p.p1 denied others the right to use the appellation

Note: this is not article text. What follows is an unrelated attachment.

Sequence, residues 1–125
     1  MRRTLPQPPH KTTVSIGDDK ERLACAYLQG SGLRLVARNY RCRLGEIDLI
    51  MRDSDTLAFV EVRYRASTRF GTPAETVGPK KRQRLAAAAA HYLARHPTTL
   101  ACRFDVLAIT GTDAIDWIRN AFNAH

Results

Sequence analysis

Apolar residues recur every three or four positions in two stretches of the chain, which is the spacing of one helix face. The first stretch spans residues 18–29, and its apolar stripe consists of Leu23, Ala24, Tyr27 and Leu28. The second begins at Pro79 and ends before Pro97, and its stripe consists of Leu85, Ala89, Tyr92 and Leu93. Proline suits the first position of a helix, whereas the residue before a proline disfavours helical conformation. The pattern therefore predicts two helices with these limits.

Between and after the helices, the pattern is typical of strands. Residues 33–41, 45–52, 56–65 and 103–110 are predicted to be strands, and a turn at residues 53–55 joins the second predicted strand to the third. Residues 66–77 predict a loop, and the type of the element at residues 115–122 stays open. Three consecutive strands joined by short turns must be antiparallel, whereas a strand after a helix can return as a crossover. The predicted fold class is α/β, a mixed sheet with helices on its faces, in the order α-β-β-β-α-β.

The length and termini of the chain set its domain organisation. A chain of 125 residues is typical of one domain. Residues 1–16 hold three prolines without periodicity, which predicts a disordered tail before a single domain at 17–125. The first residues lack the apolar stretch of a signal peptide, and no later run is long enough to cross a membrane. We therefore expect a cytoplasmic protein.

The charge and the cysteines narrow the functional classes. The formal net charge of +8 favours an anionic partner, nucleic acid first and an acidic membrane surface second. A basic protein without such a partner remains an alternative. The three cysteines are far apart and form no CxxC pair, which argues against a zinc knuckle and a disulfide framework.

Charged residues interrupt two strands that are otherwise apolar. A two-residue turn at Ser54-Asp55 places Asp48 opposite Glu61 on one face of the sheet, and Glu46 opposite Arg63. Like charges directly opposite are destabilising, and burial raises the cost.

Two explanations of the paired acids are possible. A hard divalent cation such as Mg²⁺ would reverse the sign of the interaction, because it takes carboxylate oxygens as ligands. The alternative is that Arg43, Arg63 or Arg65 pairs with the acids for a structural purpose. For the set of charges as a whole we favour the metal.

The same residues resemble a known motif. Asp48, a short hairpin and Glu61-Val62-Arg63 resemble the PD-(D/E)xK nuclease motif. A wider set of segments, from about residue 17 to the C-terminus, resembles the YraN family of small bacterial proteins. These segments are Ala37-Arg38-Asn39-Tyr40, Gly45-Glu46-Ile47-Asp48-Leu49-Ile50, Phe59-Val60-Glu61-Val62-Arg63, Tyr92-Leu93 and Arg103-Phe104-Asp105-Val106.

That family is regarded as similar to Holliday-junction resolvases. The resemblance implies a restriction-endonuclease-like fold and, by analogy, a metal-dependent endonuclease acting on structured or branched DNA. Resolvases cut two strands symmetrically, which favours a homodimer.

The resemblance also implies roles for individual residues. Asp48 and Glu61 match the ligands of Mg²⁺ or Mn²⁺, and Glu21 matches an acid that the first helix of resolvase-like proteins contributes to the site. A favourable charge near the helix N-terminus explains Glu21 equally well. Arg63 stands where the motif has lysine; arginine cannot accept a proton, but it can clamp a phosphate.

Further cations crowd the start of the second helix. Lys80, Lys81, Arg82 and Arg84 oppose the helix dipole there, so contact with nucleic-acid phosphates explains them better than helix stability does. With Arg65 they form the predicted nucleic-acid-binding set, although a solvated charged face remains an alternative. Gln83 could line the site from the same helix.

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The question of ‘ownership’ has been the topic of a much publicized heated debate between the British scholar Randolph Quirk and Professor Braj Kachru, a speaker of Indian English now working in the field of linguistics in the United States, with ‘the latter promoting the case for recognition of the new Englishes and the former pointing out the practical drawbacks’ (Honey, 1997, 249/250). For those who agree with Quirk, Standard Inner circle NS English is the only real model and other models of English should not be classified as NS English. This protection or control over the use of English stems from the fear that ‘periphery variants of English will spoil the purity of English and affect mutual intelligibility among speakers of the language’ (Canagarajah, 1999, 82). Widdowson (1994, 378) explains this desire to protect the ‘original English’ well by comparing it to Champagne, stating that ‘the French have successfully denied others the right to use the appellation Champagne for any wine that does not come from the region of that name when Dom Perignon first invented it. There may be all kinds of derivative versions elsewhere, excellent no doubt in their own way, but they are not real or proper Champagne, even though loose talk may refer to them as such’. Similarly, Widdowson (1994, 378) continues, ‘there is real English, Anglais real, Royal English, Queen’s English, or Oxford English. The vintage language.’ Trying to claim that only inner circle English, or even narrower, Standard British English, for example, is the only real English, in this sense is connected with a kind of ‘quality assurance’. As Widdowson (1994, 378) points out, ‘If any Tom, Jane, or Harry producing fizzy wine is free to use it, there can be no quality control’. Payack (2008, 79) states that outer and expanding circle ‘local derivations, offshoots and neologisms’ as can be seen in Indian English, or ‘lishes’ such as Singlish (Singapore English), Konglish (Korean English), Chinglish (Chinese English) and Spanglish (Spanish English) are viewed by some in the same way (as fizzy wine but not genuine Champagne). If one feels this way, NS teachers are essential as they ‘play a helping role in the linguistic hegemony of Center Englishes over Periphery variants’ (Canagarajah, 1999, 82). 

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